pim f schreef op 22 januari 2014 10:16:www.marinelink.com/news/production-fl...
Analyse van de FPSO-markt voor, tijdens en na 2014 - en de plaats van SBM hierin. Niet allemaal even positief, helaas..
Where is Floating Production Headed?
By Jim McCaul, IMA
Monday, January 20, 2014
The number of floating production units grew 5% in 2013. Here we examine the global market and future opportunities.
Currently, there are 319 oil/gas floating production units are now in service, on order or available for reuse on another field.
Redeployment Prospects for Available FPSOs
Eighteen FPSOs have stopped producing and are available for redeployment. The latest to join the inventory of idle FPSOs are Kuito and BrasiI, VLCC-size units owned by SBM. The lease on each concluded at end 2013. They are to be decommissioned.
Some of the 18 available FPSOs are actively for sale. Some are being retained for use on another field controlled by the current owner. All require modification and upgrade to be reused. Depending on the new field, the cost to modify the processing plant, mooring system and refurbish the unit can easily exceed $100 million.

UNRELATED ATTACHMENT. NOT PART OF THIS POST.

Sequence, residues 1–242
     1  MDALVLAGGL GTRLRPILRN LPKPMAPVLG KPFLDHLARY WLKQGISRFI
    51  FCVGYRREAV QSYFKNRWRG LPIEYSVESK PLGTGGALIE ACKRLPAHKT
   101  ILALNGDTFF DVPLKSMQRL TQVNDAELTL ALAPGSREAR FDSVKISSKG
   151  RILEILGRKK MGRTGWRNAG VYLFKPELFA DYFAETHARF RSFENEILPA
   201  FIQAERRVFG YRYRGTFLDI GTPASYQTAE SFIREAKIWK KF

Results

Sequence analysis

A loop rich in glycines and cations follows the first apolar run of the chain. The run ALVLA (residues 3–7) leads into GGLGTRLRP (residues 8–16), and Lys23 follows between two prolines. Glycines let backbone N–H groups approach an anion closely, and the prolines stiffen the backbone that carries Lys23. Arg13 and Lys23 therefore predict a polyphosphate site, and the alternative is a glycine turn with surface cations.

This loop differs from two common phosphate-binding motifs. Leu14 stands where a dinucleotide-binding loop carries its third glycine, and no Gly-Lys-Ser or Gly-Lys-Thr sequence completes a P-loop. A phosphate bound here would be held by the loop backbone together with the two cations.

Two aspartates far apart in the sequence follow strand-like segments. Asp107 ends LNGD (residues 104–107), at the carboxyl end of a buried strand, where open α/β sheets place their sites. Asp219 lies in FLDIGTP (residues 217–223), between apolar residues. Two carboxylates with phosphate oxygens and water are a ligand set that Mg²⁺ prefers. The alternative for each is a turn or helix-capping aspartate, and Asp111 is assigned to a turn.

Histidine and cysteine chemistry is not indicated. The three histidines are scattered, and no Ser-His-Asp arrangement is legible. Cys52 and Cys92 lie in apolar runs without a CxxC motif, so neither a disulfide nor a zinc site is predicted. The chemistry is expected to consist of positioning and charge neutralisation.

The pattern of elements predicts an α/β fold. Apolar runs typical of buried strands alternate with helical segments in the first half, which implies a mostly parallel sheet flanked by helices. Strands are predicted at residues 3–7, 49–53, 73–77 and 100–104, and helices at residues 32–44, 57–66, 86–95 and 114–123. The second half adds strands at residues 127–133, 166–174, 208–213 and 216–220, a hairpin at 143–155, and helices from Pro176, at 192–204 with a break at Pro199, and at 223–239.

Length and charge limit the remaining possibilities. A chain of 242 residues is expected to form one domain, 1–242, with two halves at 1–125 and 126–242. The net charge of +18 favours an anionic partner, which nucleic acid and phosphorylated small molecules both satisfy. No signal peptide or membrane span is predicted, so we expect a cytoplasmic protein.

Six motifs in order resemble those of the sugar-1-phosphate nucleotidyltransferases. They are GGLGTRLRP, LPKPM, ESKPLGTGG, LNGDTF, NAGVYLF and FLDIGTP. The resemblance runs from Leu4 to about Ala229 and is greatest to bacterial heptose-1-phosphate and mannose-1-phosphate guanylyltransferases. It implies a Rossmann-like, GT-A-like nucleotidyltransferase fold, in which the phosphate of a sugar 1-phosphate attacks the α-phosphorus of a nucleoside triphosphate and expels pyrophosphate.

Ten of the available units are single hull, five are double hull and three have double sides or double bottom. Single hull unit are less marketable than double hull units.
Details for available FPSOs can be found at www.imastudies.com.
Many of these available FPSOs (particularly single hull units) will not find another field. This is behind the decision of SBM in December to write down the book value of the FPSO Falcon. Explaining its decision to take a special charge of $55 million on Falcon (marketed since 2009) and Alba (a tanker acquired in 2009 as a conversion hull), SBM said the “estimated recoverable amount under current market conditions is considerably lower than the carrying value.”
To place the issue in perspective, 24 FPSOs have been redeployed over the past ten years – accounting for ~20% of the FPSO contracts during this time period. Assuming this redeployment pace continues, more than 7 years will be needed to clear the inventory of FPSOs now looking for a field contract. And this assumes a project match can be found for all units (which will not happen) and no further units come off field over the next several years (which will happen).
Bottom line is there are far too many available FPSOs for the market to absorb. This situation should cause lenders to look very carefully at residual values in FPSO financings. Anything more than scrap value may be optimistic, even for FPSOs built on new or young hulls.